Unite has called for British Steel to be taken under public control if a deal cannot be reached between owners Greybull, its lenders and the government that avoids the threat of the company collapsing into administration.
Responding to reports today (May 21) that British Steel, the UK’s second largest steel producer, is preparing to call in administrators tomorrow (May 22) unless it secures £30m in emergency funding from the government, Unite assistant general secretary Steve Turner said the union’s call was unequivocal.
“While Unite is in continuing dialogue with British Steel and the UK government, we are very clear that if a deal cannot be struck to secure the long term future of the steelmaker under private ownership, that the government must bring it under public control in the national interest,” he said.
“British Steel’s success is key to any future UK industrial strategy. It is a strategically important business which supplies other UK steelmakers with product and provides 95 per cent of UK’s rail tracks.”
Turner further highlighted the importance of British Steel — whose main plant is in Scunthorpe but also has sites in Teesside, Cumbria and North Yorkshire — to local and national economies.
“Sustaining over 4,000 jobs across the UK and a further 20,000 in the supply chain, it would be an economic catastrophe if the worst were to happen and government was to allow British Steel to collapse. It is a national asset supporting UK Plc that cannot simply be left to the market,” he said.
Unite’s intervention comes as British Steel was raised in an urgent question in the House of Commons today (May 21) from Labour’s shadow business minister Gill Furniss, who demanded a statement over the discussions the government has had over British Steel’s future.
“It goes without saying that the UK steel industry is critical to our manufacturing base and protecting this industry should be of paramount importance to the government,” she said as she called on the government to clarify its position over the support it will provide to save British Steel.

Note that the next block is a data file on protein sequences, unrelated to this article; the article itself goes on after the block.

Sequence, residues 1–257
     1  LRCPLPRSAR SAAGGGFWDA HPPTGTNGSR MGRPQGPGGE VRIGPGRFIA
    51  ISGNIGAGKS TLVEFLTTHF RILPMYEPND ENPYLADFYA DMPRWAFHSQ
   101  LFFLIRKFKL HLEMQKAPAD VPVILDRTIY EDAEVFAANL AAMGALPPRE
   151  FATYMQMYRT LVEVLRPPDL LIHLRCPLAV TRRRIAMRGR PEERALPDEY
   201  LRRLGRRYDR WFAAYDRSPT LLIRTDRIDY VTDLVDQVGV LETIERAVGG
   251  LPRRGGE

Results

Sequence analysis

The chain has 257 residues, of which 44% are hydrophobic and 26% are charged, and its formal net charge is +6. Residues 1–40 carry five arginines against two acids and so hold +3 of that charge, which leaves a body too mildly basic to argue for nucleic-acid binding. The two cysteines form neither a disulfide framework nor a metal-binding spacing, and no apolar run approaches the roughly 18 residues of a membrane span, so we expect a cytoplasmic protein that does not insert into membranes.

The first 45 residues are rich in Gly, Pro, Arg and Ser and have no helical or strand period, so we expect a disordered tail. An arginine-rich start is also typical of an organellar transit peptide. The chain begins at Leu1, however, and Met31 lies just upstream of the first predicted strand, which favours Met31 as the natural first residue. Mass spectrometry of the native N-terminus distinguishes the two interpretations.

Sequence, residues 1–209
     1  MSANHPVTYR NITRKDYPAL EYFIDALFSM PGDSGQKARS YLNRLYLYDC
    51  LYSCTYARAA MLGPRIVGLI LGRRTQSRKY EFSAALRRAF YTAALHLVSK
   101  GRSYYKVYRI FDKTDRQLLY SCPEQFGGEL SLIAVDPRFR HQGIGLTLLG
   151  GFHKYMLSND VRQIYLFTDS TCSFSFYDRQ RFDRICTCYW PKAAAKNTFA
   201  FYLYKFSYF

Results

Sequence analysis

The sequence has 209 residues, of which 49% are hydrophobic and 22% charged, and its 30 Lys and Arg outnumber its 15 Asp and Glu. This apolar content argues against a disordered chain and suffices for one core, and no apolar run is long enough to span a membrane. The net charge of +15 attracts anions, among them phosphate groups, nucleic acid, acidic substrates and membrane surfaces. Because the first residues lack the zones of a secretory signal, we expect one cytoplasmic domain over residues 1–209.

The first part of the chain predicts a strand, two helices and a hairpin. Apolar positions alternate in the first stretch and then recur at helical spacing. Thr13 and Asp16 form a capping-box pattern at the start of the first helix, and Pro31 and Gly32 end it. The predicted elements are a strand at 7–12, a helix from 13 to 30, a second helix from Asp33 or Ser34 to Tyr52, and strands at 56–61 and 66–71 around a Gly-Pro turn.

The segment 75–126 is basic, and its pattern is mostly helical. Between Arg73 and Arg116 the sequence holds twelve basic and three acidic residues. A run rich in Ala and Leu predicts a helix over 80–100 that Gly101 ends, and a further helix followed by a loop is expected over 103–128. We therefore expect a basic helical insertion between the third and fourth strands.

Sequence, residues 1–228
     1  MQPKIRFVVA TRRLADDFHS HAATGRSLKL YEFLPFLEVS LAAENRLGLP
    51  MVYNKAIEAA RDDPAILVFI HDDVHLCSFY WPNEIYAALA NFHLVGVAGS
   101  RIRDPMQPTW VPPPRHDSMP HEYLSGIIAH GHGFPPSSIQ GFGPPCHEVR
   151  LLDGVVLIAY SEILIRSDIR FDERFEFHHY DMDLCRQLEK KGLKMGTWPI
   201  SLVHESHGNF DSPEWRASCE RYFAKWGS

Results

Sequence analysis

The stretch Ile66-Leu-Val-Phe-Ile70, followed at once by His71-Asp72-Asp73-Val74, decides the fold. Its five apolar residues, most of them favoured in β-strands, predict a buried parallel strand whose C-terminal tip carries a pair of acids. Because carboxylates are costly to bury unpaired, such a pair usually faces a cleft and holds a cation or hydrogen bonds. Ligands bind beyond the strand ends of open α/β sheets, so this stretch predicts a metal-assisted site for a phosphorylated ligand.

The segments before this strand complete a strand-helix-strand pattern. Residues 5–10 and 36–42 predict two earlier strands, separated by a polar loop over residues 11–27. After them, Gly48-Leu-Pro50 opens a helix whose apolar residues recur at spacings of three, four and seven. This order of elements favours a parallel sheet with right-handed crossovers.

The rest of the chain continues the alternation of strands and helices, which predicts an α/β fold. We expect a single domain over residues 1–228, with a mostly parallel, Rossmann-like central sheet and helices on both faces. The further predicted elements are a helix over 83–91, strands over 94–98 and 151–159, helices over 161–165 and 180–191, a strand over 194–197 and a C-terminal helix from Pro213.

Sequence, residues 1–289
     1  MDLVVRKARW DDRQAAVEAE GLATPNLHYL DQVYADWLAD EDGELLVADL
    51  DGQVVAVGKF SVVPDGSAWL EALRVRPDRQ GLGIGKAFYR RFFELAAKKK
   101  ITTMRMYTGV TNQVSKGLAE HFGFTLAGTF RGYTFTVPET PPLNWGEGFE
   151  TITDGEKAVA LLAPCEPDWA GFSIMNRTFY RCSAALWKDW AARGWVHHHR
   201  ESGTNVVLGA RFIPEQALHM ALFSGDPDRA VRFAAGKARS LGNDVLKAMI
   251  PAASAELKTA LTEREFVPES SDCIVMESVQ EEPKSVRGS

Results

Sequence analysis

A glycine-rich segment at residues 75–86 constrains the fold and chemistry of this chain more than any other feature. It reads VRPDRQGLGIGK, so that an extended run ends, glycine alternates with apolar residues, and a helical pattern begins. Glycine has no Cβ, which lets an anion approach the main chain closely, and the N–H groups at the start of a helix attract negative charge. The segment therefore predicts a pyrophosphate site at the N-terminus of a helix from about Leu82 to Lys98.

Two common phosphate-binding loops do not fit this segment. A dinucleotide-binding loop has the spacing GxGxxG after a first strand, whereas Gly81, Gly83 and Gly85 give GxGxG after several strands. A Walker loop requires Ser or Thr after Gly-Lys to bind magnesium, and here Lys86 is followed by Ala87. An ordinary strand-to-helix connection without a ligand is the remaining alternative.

Business minister Andrew Stevens responded by saying that, “subject to strict legal bounds, the government will leave no stone unturned in its support for the steel industry”.
But Furniss hit back by highlighting how the government has so far failed the steel industry.
“The Government could have taken steps such as greater procurement of UK steel, agreeing a Sector Deal as the industry was requesting and taking action on energy prices,” she said. “Does the Minister accept that this Government has simply failed to take the steps necessary to ensure the UK steel industry remains competitive?”
Unite’s Steve Turner also highlighted the steps the government must take to ensure the UK steel industry has a continued future.
“Going forward ministers must tackle the underlying problems facing the steel industry that has been hit by Brexit uncertainty and high energy costs which leave UK steelmakers paying twice as much for electricity as their competitors in France and 50 per cent more than in Germany,” he said.
“The government must also use its buying power to put UK steel at the heart of major UK infrastructure projects as part of a joined up industrial strategy that supports UK manufacturing.”
Turning to Greybull, owners of British Steel, Turner said, “While Brexit uncertainty has undoubtedly hit the steelmaker’s order book and high iron ore prices have increased operating costs, many steelworkers will be questioning how Greybull could find the finance to fund the acquisition of a French steel works last week while pushing British Steel to the brink of collapse.
“Greybull has a business model and history of collapsing successful businesses to line its own pockets,” he added. “If it thinks it is going to run off into the sun with tens of millions of pounds after allowing the collapse of British Steel into administration it can dream on. This is a national asset and we will not allow that to happen.”
Earlier this month, British Steel, secured a £100m loan from the government to pay its carbon emissions bills.
But Unite continues to call on the government to do more against a backdrop of government failure to robustly support the industry to date. Earlier this year, for example, a government report found that less than half of the steel the UK government bought for projects in the last year was procured from the UK.